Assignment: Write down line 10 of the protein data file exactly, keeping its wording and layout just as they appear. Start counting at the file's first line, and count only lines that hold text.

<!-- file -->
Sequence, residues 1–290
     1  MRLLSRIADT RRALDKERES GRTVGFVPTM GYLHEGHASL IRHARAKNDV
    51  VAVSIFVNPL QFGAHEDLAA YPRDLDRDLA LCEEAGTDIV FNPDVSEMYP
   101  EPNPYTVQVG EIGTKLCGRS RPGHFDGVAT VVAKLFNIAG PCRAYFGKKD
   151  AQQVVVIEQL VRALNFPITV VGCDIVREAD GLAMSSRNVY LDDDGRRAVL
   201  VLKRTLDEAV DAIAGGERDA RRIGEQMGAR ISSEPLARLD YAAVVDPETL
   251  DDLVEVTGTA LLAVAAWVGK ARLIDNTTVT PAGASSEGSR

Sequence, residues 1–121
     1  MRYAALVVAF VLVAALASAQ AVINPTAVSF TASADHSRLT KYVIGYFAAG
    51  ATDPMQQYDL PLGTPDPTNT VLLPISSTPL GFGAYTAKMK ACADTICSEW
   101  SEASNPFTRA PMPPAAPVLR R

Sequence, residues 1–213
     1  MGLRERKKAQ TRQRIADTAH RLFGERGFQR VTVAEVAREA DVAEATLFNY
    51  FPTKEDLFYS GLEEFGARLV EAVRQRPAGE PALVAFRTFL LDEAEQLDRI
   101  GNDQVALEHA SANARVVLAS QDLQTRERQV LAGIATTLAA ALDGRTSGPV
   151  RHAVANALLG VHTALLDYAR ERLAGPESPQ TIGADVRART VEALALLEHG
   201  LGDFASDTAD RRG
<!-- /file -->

    51  ATDPMQQYDL PLGTPDPTNT VLLPISSTPL GFGAYTAKMK ACADTICSEW